I facilitate a Bible study at work and I really enjoy it. Today, we studied Ecclesiastes, and 10:1 speaks to why [insert famous Christian televangelist]'s good deeds are overlooked by his strident anti-gay legislation posturing, One dead fly makes the perfumer’s ointment give off a rancid stench, so a little folly can outweigh much wisdom.
I used to think that if I learned the original languages I could get a better understanding of the things that were highly valued in our fundamentalism yet contrary to popular opinion, science, and research. I took 2 years of NT Greek and a year of Hebrew. I can still read the Greek but not the Hebrew anymore. But that knowledge, although good, showed me that the original language is not the end zone. Context is huge. See my brief study on a verse of Paul's. Historical studies are huge. Genre is huge. Text critical studies are huge as well. So I keep reading and learning. But the more I learn, the less I know. A couple evangelical text critical books I mentioned before showed me how influenced by culture and events our Bible is.
Currid teaches OT at RTS and is not an enemy of fundamentalism. But I learned from him that one of the Psalms is a rewrite of a Canaanite song to Baal, among other things. I learned from Sailhammer that the longer version of Jeremiah in the LXX is the older version and the newer Hebrew version modifies verses in light of developments after the LXX was completed. The new Noah movie has more to do with Book of Enoch than Genesis, but Enoch is so popular in the 1st century that Jude references it. Parts of the ancient church in the Horn of Africa recognize Enoch as canonical today.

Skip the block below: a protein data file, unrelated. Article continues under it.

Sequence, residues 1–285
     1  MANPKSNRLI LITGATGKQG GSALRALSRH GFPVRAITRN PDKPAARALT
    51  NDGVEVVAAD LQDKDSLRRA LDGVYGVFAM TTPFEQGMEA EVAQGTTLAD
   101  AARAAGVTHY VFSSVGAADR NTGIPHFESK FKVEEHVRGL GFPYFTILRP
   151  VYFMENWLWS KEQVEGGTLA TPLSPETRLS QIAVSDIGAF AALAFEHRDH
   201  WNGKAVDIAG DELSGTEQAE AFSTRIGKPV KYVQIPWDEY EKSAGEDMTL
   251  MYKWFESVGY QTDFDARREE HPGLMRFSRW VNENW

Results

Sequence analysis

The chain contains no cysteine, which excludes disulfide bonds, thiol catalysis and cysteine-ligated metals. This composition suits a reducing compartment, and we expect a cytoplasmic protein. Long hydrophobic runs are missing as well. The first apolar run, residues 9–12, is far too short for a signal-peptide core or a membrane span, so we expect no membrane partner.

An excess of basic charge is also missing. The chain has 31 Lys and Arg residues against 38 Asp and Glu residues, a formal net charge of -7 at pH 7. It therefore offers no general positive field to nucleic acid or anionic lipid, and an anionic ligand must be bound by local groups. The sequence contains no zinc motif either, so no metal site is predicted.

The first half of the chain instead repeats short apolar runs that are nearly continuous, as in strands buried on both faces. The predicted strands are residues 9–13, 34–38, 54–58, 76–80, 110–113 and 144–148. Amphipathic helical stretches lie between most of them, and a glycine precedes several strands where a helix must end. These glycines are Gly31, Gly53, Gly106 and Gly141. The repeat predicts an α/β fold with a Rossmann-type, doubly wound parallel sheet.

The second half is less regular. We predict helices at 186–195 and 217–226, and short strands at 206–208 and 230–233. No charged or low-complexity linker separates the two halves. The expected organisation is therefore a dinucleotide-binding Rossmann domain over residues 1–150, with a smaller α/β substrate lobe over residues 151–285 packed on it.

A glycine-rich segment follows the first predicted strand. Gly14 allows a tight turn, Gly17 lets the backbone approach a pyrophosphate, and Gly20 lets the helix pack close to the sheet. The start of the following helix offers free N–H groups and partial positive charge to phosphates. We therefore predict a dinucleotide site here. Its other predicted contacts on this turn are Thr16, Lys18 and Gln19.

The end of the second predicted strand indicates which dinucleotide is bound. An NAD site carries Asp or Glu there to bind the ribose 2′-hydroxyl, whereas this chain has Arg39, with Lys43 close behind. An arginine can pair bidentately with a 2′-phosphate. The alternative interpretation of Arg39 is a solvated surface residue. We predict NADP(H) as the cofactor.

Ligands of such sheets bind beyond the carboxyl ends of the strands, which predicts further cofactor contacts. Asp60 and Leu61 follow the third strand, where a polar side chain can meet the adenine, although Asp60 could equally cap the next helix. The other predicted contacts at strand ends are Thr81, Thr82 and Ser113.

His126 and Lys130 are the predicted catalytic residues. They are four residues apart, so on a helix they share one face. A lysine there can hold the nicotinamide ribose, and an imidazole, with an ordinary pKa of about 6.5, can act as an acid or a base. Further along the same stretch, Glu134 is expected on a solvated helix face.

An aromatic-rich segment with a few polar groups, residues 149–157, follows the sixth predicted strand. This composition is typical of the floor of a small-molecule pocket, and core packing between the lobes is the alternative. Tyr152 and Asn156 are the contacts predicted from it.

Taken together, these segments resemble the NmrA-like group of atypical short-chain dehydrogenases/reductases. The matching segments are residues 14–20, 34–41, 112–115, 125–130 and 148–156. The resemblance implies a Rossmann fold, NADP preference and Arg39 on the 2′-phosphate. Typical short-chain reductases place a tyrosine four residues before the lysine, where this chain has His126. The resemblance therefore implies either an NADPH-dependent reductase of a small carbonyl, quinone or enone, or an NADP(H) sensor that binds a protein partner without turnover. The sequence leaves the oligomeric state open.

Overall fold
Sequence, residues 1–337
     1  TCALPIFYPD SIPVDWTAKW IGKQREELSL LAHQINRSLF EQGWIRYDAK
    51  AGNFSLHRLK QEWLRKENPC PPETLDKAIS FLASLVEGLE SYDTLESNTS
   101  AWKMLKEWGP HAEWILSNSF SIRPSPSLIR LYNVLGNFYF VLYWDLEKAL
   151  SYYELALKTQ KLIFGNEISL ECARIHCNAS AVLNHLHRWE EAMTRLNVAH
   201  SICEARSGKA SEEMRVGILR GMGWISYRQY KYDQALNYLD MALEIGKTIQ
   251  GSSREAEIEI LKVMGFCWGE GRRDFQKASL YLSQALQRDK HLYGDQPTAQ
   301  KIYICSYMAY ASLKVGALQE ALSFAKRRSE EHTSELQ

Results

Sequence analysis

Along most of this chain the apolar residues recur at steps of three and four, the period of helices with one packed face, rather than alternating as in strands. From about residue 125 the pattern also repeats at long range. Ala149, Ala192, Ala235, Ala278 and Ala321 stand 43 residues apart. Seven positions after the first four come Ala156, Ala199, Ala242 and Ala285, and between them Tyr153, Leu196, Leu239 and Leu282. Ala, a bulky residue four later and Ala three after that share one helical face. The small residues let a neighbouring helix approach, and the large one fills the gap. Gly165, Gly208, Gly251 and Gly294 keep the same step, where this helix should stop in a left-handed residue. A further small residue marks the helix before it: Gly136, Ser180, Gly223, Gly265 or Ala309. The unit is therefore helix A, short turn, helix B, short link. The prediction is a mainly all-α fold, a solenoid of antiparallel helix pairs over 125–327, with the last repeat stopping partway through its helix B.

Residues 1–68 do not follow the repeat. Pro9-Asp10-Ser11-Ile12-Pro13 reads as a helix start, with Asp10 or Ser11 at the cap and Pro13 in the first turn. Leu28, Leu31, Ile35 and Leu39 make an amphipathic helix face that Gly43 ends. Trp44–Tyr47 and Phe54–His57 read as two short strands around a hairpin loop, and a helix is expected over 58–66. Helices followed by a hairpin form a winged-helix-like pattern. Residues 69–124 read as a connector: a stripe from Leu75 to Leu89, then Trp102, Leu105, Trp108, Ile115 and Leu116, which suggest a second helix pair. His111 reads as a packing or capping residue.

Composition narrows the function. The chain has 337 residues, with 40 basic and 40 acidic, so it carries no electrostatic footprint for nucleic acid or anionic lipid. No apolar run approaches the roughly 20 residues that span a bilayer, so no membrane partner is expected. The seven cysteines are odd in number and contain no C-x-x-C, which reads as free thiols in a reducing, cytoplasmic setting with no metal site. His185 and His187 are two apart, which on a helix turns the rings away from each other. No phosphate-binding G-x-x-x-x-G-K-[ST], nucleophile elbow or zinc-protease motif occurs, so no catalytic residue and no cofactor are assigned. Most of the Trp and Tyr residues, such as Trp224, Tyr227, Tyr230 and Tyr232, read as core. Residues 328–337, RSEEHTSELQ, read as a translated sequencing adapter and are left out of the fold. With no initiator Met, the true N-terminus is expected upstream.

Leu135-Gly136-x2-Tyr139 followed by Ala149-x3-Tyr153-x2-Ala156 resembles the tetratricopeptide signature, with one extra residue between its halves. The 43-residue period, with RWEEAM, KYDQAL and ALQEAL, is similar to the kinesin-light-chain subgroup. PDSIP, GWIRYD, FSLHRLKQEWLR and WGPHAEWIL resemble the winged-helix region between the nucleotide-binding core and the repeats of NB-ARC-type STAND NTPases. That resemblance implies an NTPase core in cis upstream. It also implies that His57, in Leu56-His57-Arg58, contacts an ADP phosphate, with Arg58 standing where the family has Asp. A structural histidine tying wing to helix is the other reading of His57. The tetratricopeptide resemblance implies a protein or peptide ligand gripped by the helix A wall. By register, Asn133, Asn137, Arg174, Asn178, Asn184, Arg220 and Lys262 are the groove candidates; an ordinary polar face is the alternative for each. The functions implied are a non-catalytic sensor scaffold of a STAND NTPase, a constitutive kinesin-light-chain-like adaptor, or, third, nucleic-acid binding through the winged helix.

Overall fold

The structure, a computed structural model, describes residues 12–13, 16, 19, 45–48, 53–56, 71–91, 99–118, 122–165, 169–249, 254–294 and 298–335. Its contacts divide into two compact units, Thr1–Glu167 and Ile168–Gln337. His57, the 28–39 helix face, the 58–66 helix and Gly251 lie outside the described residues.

I enjoy reading history. I also am intrigued how the church has accommodated the Bible to culture/science. I just read this quote today from Luther.
Scripture . . . simply says that the moon, the sun, and the stars were placed . . . in the firmament of the heaven (below and above which are the waters) . . . The bodies of the stars, like that of the sun, are round, and they are fastened to the firmament like globes of fire. . . We Christians must, therefore, be different from the philosophers in the way we think about the causes of things. And if some are beyond our comprehension (like those before us concerning the waters above the heavens), we must believe them . . . rather than wickedly deny them or presumptuously interpret them in conformity with our understanding (Martin Luther, Luther’s Works: Lectures on Genesis, J. Pelikan, ed.(St. Louis: Concordia, 1958 ), 30, 42-3; my italics).
To me, that's no different from what I would hear from Answers in Genesis. They may be beautiful people, but their science is completely wrong. But I had to read outside of my fundamentalist tribe to learn that.
I just read Mark Noll's book, The Civil War as a Theological Crisis, in which he shows how American evangelicals argued forcefully for the Biblical justification for slavery with NT proof texts, The rest of the church in Europe had turned their backs to it, mostly based on big picture biblical themes instead of proof texts. Now we have evangelical organizations that seek to help slaves escape and would never apply Paul's teaching that escaped slaves should return to servitude. Paul was right then, in that specific context, but it's wrong now.My childhood church did not enforce women's head coverings, though it was expected. But Paul commands it. It meant something then that it does not mean now.